In the wake of George Floyd's death, Katherine Heigl is expressing her rage.
On Sunday, amid nationwide protest over Floyd's death and racial injustice, Heigl took to social media to share her restlessness and anger over the inequality, particularly as a mother of a black child. Heigl and husband Josh Kelley adopted their now-8-year-old daughter Adalaide domestically in 2012. The actress is also mom to 11-year-old daughter Naleigh, who they adopted from South Korea in 2009, and 3-year-old son Joshua.
"I've debated posting this. I don't typically use my platform or social media to say much when it comes to the state of our country," Heigl began. "I keep most of those thoughts to myself. I act quietly and behind the scenes. I let those with far more experience, education and eloquence be the voices for change. But I can't sleep. And when I do I wake with a single thought in my head. How will I tell Adalaide? How will I explain the unexplainable? How can I protect her? How can I break a piece of her beautiful divine spirit to do so?"
The star continued, "I can't sleep. I lay in my bed in the dark and weep for every mother of a beautiful divine black child who has to extinguish a piece of their beloved baby's spirit to try to keep them alive in a country that has too many sleeping soundly. Eyes squeezed shut. Images and cries and pleas and pain banished from their minds. White bubbles strong and intact. But I lay awake."
Heigl continued to reflect on the impact this moment has had on her "white bubble." "Finally. Painfully. My white bubble though always with me now begins to bleed. Because I have a black daughter. Because I have a Korean daughter. Because I have a Korean sister and nephews and niece," she wrote.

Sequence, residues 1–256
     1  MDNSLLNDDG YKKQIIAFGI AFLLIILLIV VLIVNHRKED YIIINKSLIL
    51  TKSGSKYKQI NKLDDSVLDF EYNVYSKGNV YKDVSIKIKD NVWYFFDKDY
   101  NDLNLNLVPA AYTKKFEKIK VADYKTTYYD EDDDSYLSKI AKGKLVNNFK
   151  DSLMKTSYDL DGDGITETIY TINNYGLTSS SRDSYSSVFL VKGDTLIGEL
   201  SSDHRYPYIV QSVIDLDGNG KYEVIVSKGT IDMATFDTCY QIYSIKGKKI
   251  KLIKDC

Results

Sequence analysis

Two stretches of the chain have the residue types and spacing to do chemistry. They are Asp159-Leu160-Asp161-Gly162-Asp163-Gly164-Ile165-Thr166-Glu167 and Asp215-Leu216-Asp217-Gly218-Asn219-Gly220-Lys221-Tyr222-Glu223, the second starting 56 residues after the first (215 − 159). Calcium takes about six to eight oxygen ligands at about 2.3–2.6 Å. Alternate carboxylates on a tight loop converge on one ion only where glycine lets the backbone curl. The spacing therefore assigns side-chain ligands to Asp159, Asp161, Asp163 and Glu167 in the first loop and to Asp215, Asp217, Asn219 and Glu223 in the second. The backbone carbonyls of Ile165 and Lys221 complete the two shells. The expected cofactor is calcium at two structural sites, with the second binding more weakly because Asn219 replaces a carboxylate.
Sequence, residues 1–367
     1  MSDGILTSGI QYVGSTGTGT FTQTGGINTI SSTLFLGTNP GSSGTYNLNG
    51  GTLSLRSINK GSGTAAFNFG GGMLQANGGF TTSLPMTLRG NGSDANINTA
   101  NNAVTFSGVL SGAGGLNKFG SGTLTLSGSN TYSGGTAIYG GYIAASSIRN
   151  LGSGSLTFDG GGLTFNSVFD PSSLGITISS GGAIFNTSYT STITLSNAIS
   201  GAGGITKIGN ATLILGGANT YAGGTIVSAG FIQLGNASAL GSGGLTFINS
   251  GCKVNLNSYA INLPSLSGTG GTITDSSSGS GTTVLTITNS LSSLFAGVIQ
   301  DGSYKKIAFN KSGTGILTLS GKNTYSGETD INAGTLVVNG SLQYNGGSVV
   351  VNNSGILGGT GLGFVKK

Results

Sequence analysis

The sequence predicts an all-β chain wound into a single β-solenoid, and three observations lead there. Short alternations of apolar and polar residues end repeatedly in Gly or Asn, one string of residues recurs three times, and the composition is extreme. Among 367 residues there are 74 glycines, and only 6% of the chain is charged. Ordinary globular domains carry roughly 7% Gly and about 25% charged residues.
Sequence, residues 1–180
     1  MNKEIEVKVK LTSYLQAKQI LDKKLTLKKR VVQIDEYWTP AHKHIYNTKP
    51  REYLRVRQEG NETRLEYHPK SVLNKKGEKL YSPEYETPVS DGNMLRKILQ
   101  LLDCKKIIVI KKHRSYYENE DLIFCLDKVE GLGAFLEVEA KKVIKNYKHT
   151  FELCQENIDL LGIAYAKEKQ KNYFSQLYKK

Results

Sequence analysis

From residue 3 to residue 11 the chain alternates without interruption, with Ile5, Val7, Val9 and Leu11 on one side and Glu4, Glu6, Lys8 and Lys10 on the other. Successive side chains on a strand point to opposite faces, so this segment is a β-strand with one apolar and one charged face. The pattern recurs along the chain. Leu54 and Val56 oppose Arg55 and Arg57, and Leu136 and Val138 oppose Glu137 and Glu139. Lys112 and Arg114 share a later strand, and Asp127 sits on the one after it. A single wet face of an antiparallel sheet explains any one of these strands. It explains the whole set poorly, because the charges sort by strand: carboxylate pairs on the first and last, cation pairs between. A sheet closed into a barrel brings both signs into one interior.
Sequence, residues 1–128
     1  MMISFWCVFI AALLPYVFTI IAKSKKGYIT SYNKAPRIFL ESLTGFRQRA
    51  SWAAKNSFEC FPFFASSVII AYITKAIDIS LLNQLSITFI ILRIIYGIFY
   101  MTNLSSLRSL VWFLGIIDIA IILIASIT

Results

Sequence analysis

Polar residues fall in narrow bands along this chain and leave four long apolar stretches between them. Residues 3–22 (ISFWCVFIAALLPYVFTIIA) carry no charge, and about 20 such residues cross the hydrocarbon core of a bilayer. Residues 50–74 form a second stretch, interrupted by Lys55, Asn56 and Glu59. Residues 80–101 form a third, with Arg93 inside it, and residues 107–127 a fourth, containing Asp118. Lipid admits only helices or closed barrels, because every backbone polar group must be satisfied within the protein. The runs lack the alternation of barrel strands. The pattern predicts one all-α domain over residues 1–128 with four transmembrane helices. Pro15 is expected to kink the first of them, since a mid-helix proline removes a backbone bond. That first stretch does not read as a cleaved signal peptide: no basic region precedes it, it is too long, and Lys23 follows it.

"It has taken me far too long to truly internalize the reality of the abhorrent, evil despicable truth of racism," the star acknowledged. "My whiteness kept it from me. My upbringing of inclusivity, love and compassion seemed normal. I thought the majority felt like I did. I couldn't imagine a brain that saw the color of someone's skin as anything but that. Just a color. I was naive. I was childish. I was blind to those who treated my own sister differently because of the shape of her beautiful almond eyes. Or her thick gorgeous hair. Or her golden skin. I was a child. For too long. And now I weep. Because what should have changed by now, by then, forever ago still is. Hopelessness is seeping in. Fear that there is nothing I can do, like a slow moving poison, is spreading through me."
As Heigl continued her public statement, the star shared her hopes for the fate of the police officers in Floyd's arrest, including Derek Chauvin, who was charged with third-degree murder and second-degree manslaughter after he used his knee to pin Floyd down to the ground by his neck.
"Then I look at my daughters. My sister. My nephews and niece. George Floyd. Ahmaud Arbery. Breonna Taylor. The hundreds, thousands millions more we haven't even heard about," she said. "I look and the fear turns to something else. The sorrow warms and then bursts into flames of rage. Rage."
"I'm not sure what most think justice looks like but right now, to me, it looks like a hard, ugly life in prison for Officer Chauvin and the others who just stood there. On their phone. I want them to pay," she continued. "I want that payment to be harsh. I want it to be a painful, irrevocable consequence for their evil acts and behaviors and for those consequences to scare the s--t out of every other racist still clinging to their small, stupid minded hate. The hate that soothes their weakness and cowardice. The hate that makes them feel powerful and in charge. The hate that distracts them from their meager-ness."
She told readers, "There may have been a time when I cared to try to change the mind of a racist. To show them through example and just the right words they are wrong. I don't care anymore. For their hearts or minds or souls. I don't care if they die with their ugliness stamped all over them. They can take this s--t to their maker and he can deal with them. What I want is for them all to be so scared by Officer Chauvin's consequences that they are afraid to breathe in the direction of a black man, woman or child. Let alone try to hurt them. I want them to shake in their beds at night for fear that they too could end up like Chauvin. I want him to be an example of what happens to a racist in this country."
She noted, "I am aware that this rage is not very Christian of me. Or is it? Jesus got pretty d--n mad at the temple. God brought the floods, the famine, the locust and the pillars of salt. Perhaps rage is part of the divine. Perhaps the heavens want our rage right now. Perhaps our rage is theirs. All I know is that I want it to end. Today. Forever. Whatever it takes."